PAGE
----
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March 17, 2020

Sprouting 101: Easy, tasty, nutritious & cheap to Grow.

In these uncertain times, nutrition should not be something we also have to worry about.

Before you reach the end of the fresh vegetables you bought for your self-quarantine, add some easy sprouted seeds, nuts, pulses (lentils) to your meals. They’re nutritious, super easy to grow, fun for the kids to experiment, affordable, and delicious. Sprouts are an excellent source of vitamins B and C, iron, fiber, folic acid, and phytonutrients.

I’ve been sprouting just about everything I can find. Almost any seed, nut, legume, and lentil will sprout. Some have better tastes than others. I make it super easy: no special sprouting equipment to buy, just a large clean pickle jar or even reuse a plastic water bottle. Add a thin piece of cloth to the top and secure with a tight string or rubber band. If you have water and what you want to sprout, you’re in business.

Most of the sprouts I do follow the same simple routine:

1. Add some seeds at the bottom of a (clean, sterilized) jar, fill with water, and let set overnight. I do separate the seeds, one jar for alfalfa, one jar for mung…this is because they sometimes have different sprouting times—you can mix together just before eating.

2. In the morning, rinse and strain (I add the cloth and tie at night and keep it on throughout the entire sprouting process, using the thin cloth as a strainer…keeping it simple).

3. Place away from heat or direct sunlight. Every day, I drizzle a little water in the jar, swirl it around, turn the jar upside down to strain, then continue. Most take three days, some take five. My favorite sprouts are mustard seed sprouts and they take about five days. Alfalfa take four or five days and are super nutritious when you see the tiny green leaves appear.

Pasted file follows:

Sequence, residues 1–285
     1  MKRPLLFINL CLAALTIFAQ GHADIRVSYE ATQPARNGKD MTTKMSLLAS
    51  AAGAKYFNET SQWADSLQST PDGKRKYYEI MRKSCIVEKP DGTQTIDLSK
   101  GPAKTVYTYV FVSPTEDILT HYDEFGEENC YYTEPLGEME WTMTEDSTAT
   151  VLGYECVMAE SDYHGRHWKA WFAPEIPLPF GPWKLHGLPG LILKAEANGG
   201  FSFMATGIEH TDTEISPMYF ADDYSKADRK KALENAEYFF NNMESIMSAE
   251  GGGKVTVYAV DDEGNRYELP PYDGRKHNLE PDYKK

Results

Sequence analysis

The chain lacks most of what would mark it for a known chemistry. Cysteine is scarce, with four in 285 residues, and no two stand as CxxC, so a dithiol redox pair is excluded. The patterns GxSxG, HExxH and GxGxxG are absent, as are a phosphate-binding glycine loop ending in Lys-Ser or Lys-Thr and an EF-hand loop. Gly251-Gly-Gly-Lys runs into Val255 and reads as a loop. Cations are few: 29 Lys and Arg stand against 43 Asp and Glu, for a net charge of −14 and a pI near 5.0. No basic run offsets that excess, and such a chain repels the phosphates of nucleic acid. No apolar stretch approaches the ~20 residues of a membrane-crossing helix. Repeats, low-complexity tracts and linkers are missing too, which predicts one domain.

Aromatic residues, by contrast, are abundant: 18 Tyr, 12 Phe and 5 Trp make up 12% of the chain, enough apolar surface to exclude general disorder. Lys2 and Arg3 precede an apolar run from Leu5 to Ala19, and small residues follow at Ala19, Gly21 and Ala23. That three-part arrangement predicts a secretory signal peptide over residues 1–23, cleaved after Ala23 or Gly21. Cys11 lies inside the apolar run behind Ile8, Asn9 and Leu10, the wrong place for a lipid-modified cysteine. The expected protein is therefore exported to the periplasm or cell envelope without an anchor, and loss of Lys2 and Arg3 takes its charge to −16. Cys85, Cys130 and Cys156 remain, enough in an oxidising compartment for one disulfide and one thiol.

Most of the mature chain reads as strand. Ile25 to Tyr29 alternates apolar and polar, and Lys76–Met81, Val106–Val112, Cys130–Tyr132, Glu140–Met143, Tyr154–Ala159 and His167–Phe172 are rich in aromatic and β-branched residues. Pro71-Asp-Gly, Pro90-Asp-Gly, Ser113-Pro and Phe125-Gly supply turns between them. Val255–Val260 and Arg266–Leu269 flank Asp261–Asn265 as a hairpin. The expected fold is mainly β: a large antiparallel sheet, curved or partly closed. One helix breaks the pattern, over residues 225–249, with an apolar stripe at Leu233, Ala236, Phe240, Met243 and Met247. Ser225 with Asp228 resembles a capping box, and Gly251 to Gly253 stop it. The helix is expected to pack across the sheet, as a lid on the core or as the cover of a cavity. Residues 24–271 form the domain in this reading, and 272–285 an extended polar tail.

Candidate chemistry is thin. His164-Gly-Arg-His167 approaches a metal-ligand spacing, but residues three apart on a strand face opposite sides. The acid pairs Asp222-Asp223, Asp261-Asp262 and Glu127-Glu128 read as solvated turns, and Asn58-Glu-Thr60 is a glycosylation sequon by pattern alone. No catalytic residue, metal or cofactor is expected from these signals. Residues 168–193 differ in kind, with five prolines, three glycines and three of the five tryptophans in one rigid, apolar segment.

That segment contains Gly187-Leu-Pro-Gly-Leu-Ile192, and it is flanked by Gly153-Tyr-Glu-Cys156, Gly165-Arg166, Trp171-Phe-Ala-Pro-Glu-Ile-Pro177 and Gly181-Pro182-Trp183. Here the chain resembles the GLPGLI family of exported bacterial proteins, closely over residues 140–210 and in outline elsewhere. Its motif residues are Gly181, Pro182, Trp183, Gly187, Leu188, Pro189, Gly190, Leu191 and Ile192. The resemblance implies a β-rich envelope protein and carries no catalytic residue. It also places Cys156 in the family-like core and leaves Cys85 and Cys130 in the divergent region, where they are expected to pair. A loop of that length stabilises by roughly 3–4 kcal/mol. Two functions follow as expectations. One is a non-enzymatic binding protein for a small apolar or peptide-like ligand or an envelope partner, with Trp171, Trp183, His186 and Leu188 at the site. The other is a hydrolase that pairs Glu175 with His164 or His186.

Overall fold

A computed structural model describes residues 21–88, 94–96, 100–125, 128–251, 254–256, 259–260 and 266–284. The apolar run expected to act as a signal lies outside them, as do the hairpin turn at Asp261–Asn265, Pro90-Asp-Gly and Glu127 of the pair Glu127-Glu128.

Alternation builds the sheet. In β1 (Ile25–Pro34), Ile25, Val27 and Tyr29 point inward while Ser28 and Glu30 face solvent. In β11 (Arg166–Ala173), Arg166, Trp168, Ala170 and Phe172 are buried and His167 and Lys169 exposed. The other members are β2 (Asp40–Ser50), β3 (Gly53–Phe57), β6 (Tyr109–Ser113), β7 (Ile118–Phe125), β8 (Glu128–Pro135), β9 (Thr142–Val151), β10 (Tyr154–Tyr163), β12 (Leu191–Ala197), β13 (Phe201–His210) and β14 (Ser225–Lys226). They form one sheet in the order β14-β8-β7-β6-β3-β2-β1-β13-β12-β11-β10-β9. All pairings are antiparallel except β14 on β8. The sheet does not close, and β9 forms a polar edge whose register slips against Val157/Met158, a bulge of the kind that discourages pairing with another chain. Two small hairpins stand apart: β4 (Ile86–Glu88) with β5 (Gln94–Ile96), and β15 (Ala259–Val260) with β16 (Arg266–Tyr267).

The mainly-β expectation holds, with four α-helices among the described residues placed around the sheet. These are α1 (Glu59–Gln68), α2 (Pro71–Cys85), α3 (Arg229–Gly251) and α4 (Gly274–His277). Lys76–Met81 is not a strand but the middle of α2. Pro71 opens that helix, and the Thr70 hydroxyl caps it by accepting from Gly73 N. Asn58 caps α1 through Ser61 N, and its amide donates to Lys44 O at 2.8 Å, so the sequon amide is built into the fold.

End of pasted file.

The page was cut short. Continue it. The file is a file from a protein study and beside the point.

4. Eat your sprouts. They stay fresh for about three to five days after fully sprouting. I keep mine in the fridge.

“Plant love, let it sprout.” ~ H.S. Crow

What you can sprout:
Radish
Mustard
Chickpeas
Alfalfa
Kale
Onions
Clover
Pea
Wheat
Mung
Lentils
Peanut
Soybean
Sunflower
Arugula
Amaranth
Basil
Beet
Wheatgrass
Brown rice
Buckwheat
Celery seeds
Cilantro
Hemp hearts
Sesame seeds

Sprouts that take extra care:
Flax seeds and chia seeds: Both of these (flax and chia) can get a gel coating. They are fine to sprout but it’s better to remove the goo.
Kidney beans: Avoid eating these raw. They should be boiled for 10 minutes before eating.
Quinoa: contain saponins and some may be sensitive (tummy ache).
Tree nuts, like almonds: they don’t sprout as nicely as the legumes (peanuts).

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“In the garden of dreams, there are many great seeds of possibilities waiting to sprout—looking for your attention—the water and the light.” ~ Amit Ray

 

Sprouts at two days old. Alfalfa (left) and Mung (right):

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Have a look at the videos below for a few different ways to make these. Sprouts are great additions to salads, sandwiches, soups, and to eat by the handful.

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Relephant Read: The Coronavirus is already feeding these Bad Things. Let’s use it for Good. ~ Waylon

 

 

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Julie Balsiger  |  104 Followers

author: Julie Balsiger

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